Plugin Settings

Settings Model

Plugins that have global settings need to define a “settings model”, which is responsible for storing the setting values, and validating them.

Settings models are just like any other model. To create it, create a models/ directory within your plugin’s source directory, and create a Settings.php file within it:

<?php

namespace ns\prefix\models;

use craft\base\Model;

class Settings extends Model
{
    public $foo = 'defaultFooValue';
    public $bar = 'defaultBarValue';

    public function rules()
    {
        return [
            [['foo', 'bar'], 'required'],
            // ...
        ];
    }
}

Next up, add a createSettingsModel() method on your main plugin class, which returns a new instance of your settings model:

<?php
namespace ns\prefix;

class Plugin extends \craft\base\Plugin
{
    protected function createSettingsModel()
    {
        return new \ns\prefix\models\Settings();
    }

    // ...
}

Accessing Settings

With your settings model and createSettingsModel() method in place, you can now access your settings model, populated with any custom values set for the current project, via a getSettings() method on your main plugin class:

// From your main plugin class:
$foo = $this->getSettings()->foo;

// From elsewhere:
$foo = \ns\prefix\Plugin::getInstance()->getSettings()->foo;

Or you can use the $settings magic property:

// From your main plugin class:
$foo = $this->settings->foo;

// From elsewhere:
$foo = \ns\prefix\Plugin::getInstance()->settings->foo;

Overriding Setting Values

Your setting values can be overridden on a per-project basis from a PHP file within the project’s config/ folder, named after your plugin handle. For example, if your plugin handle is foo-bar, its settings can be overridden from a config/foo-bar.php file.

The file just needs to return an array with the overridden values:

<?php

return [
    'foo' => 'overriddenFooValue',
    'bar' => 'overriddenBarValue',
];

It can also be a multi-environment config:

<?php

return [
    '*' => [ 
        'foo' => 'defaultValue',
    ],
    '.test' => [
        'foo' => 'devValue',
    ],
];

WARNING

The config file cannot contain any keys that are not defined in the plugin’s settings model.

Settings Pages

Plugins can also provide a settings page in the Control Panel, which may make it easier for admins to manage settings values, depending on the plugin.

To give your plugin a settings page, create a templates/ directory within your plugin’s source directory, and create a settings.html file within it:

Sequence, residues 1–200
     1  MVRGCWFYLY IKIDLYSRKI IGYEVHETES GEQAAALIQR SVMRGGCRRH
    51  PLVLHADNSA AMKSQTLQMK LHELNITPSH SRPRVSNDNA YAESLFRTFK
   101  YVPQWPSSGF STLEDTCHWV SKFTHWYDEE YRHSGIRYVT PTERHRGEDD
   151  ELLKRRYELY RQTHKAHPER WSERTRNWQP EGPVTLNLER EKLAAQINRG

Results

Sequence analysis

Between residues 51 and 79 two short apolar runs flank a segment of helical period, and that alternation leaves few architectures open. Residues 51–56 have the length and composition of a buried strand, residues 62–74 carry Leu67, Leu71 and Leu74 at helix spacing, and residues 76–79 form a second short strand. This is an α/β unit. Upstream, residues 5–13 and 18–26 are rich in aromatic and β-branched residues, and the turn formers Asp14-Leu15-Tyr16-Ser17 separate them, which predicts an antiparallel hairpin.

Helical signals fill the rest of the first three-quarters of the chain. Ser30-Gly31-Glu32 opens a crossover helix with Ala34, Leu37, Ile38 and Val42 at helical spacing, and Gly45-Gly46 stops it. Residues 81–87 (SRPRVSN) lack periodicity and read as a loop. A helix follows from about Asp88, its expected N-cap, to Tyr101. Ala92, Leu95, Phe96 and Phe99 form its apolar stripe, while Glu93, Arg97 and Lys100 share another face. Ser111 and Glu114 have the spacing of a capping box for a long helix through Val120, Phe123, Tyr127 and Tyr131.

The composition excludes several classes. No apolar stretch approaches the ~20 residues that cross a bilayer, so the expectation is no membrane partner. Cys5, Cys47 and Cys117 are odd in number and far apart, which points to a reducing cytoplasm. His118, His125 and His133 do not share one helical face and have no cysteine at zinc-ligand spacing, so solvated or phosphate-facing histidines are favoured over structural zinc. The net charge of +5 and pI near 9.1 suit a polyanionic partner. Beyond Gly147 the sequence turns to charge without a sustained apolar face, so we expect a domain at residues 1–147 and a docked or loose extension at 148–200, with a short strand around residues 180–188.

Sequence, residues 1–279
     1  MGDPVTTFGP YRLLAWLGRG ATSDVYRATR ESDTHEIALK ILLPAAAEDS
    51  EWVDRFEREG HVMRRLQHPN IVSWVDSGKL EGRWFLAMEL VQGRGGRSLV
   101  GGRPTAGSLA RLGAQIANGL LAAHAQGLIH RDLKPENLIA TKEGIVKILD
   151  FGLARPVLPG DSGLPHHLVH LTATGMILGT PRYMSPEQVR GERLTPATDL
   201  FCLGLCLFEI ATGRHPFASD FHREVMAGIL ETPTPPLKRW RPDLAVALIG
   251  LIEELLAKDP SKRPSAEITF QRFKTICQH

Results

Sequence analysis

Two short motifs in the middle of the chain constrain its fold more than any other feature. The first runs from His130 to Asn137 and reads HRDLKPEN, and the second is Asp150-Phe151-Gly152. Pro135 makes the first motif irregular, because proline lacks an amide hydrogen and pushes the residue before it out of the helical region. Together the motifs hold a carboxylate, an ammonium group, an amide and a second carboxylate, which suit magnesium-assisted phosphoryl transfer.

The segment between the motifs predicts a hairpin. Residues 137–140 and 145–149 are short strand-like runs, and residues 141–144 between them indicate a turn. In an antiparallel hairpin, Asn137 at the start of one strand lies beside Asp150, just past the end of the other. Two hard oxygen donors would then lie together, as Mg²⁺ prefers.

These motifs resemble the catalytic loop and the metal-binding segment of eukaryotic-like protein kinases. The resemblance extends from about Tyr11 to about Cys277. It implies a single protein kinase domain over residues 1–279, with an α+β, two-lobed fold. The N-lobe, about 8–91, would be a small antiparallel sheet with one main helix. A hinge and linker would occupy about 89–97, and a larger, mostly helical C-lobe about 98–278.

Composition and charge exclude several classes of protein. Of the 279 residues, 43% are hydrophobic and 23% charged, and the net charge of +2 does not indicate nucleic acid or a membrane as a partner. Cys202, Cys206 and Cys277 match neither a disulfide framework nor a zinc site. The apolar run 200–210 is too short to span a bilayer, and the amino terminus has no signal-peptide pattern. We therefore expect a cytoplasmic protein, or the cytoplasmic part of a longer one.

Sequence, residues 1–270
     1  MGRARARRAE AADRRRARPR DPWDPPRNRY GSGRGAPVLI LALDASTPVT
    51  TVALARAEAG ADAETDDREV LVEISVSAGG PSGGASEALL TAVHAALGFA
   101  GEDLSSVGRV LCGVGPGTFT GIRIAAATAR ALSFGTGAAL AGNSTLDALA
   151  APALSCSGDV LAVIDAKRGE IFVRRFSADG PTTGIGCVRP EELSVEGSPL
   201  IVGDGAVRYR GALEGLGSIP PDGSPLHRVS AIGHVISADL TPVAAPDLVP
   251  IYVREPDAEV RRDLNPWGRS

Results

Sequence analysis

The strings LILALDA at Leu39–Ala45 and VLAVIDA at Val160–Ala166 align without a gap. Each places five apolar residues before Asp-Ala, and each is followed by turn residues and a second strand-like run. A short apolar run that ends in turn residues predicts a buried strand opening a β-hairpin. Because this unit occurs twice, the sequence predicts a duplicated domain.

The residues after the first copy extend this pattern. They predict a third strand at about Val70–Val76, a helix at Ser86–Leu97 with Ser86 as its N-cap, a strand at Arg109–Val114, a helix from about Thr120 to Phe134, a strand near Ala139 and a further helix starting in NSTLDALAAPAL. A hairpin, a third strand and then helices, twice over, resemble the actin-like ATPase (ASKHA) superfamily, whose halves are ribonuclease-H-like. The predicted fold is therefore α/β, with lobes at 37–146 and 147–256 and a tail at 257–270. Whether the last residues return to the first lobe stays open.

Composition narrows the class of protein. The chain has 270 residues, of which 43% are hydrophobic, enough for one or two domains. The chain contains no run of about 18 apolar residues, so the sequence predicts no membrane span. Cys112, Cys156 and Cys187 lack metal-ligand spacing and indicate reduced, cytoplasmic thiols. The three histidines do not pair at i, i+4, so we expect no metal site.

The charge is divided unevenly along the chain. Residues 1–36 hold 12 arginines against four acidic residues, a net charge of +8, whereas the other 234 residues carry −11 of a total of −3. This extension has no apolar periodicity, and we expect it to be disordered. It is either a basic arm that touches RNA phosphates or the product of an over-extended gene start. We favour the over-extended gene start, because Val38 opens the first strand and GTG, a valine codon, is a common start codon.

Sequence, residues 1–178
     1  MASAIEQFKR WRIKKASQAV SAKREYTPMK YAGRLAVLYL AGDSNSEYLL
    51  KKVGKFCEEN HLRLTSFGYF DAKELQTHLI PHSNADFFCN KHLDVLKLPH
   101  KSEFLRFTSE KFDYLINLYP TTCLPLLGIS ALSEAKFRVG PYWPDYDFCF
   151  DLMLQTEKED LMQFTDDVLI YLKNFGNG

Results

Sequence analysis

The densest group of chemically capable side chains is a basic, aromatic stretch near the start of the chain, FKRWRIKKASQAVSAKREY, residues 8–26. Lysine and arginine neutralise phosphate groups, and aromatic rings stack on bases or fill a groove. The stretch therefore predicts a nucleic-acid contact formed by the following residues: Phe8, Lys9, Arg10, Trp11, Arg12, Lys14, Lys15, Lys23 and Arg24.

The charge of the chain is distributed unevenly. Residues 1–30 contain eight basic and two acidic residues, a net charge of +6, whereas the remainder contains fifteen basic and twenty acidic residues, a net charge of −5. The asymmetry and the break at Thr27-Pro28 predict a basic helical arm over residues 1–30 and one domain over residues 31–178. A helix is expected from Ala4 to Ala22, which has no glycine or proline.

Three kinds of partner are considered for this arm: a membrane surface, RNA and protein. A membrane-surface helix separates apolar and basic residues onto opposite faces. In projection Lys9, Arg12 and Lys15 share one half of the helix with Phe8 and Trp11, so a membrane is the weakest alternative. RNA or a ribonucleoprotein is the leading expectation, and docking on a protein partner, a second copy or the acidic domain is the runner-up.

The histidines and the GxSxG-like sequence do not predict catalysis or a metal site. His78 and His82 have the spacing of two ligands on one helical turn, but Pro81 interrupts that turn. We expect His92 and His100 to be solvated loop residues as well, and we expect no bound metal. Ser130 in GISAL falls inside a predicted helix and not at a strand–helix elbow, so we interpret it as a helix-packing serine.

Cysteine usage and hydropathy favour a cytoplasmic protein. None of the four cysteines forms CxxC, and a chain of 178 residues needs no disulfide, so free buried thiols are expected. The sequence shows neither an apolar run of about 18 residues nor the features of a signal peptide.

{% import "_includes/forms" as forms %}

{{ forms.textField({
    first: true,
    label: "Foo",
    name: 'foo',
    value: settings.foo
}) }}

{{ forms.textField({
    label: "Bar",
    name: 'bar',
    value: settings.bar
}) }}

Then, within your main plugin class, set the $hasCpSettings property to true, and define a settingsHtml() method that returns your new rendered template:

<?php

namespace ns\prefix;

class Plugin extends \craft\base\Plugin
{
    public $hasCpSettings = true;

    protected function createSettingsModel()
    {
        return new \ns\prefix\models\Settings();
    }

    protected function settingsHtml()
    {
        return \Craft::$app->getView()->renderTemplate('plugin-handle/settings', [
            'settings' => $this->getSettings()
        ]);
    }

    // ...
}

With all that in place, your plugin will now get its own icon on the Settings page, and a cog icon in its row on the Settings → Plugins page, which will link to /admin/settings/plugin-handle.

Advanced Settings Pages

When the /admin/settings/plugin-handle Control Panel URL is requested, your plugin is ultimately in charge of the response. Namely, your plugin’s getSettingsResponse() method. The default getSettingsResponse() implementation in craft\base\Plugin will call your plugin’s settingsHtml() method, and then tell the active controller to render Craft’s settings/plugins/_settings template (the layout template for plugin settings pages), passing it the HTML returned by settingsHtml().

If a plugin needs more control over its settings page(s), it can override its getSettingsResponse() method and do whatever it wants with the request.

It can choose to render its own template, rather than being confined to Craft’s settings/plugins/_settings layout template:

public function getSettingsResponse()
{
    return \Craft::$app->controller->renderTemplate('plugin-handle/settings/template');
}

It can redirect the request to a completely different URL, too:

public function getSettingsResponse()
{
    $url = \craft\helpers\UrlHelper::cpUrl('plugin-handle/settings');

    return \Craft::$app->controller->redirect($url);
}

Just note that whatever it returns needs to make sense as something a controller action would return, because that’s exactly what’s happening. The craft\controllers\PluginsController::actionEditPluginSettings() method returns whatever getSettingsResponse() returns directly.